Writers fight a battle on at least three fronts: their personal artistic struggle, the challenge of creating good work, and the need to find a place in the market.
On a personal level, self-doubt can be the cancer of a writing practice. Look your doubt head on: you choose to be a writer. Make peace with the doubt monster as best you can. Find support: family, fellow writers, an editor who gets you, agents that support you. Create a supportive community. Block toxic naysayers.
Face your fears and write through them.
Writing is among the most accessible of arts — all you need is a pencil, paper and words. You don’t need a cast and crew. Writing, in the creation phase, is a very intimate art form, some would say lonely. I find it less lonely — because the words are the company I keep.
Whether writing fiction or criticism, practice is everything. Don’t stop. Find the rhythm that suits you — up all night, early morning brain. Coffee. Music. Cigarettes. You must write through those early days. You may be brilliant at school and, yet, when you write that first short story, or the fifth, it’s so much less than the books that you read, whether V. S. Naipaul or P. G. Wodehouse or Elena Ferrante. Continue, find your voice, find your format: short stories, poetry, novels, blog posts. For most writers, this requires great patience. To survive you must find joy in the process.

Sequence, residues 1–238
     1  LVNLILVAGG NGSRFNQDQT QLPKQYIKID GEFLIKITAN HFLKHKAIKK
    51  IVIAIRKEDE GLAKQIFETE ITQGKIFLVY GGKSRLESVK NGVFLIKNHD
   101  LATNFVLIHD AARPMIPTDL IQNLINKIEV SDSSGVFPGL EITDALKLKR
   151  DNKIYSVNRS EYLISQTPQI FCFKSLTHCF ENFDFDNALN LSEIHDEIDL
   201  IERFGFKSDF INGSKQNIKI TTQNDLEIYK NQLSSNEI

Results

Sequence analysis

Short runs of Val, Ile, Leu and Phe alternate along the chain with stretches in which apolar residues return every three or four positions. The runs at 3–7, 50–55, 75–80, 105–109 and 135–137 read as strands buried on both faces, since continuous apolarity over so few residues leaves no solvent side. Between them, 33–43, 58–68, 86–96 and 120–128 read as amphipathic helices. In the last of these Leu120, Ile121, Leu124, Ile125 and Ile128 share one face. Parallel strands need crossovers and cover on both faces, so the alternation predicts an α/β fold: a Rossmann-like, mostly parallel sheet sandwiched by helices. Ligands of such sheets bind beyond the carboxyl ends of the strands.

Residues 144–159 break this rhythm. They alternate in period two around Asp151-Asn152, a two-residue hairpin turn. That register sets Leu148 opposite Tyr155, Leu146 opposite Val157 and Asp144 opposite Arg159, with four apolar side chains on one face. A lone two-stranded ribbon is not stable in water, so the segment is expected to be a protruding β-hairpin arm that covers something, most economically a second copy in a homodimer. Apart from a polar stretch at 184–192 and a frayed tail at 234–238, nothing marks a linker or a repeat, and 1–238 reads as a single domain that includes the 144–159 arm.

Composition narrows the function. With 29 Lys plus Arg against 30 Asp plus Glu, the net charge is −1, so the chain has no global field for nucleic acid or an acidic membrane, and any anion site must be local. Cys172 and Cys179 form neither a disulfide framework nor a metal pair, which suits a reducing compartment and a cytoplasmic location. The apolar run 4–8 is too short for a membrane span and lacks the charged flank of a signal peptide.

So: Write as if you were practicing for a marathon.
Finding a place in the market is the challenge most beyond your control. In some ways, it’s easier now with platforms like Quora, where you can write and connect without a gatekeeper. However, if you want to earn a living, as Dickens had to, then you must pursue a form for which there is a market.
While working a day job, I wrote hundreds of film reviews for a free Manhattan weekly before I kicked open the door at the New York Post. As a novelist, I wrote beyond rejection. I toasted the purchase of my first novel, Girl Empire, when it appeared to have publisher interest. It fell through. The book exists, I kid you not, on a floppy drive. My second novel, Playdate, got a prestigious publisher. I waited for the book’s publication to change my life. It didn’t. It wasn’t until The Last Woman Standing that I found a union of voice, subject, audience, agent and publisher.
By that time, I had learned my lesson. Keep writing. Keep finding subjects that fascinate. Change the world — as a creative individual, as a writer in the world, and as a professional — one sentence at a time.
To be a successful writer in the current environment, build confidence in your self, embark on the marathon that is a writing career, and be persistent. And, if you can, find joy in the creating.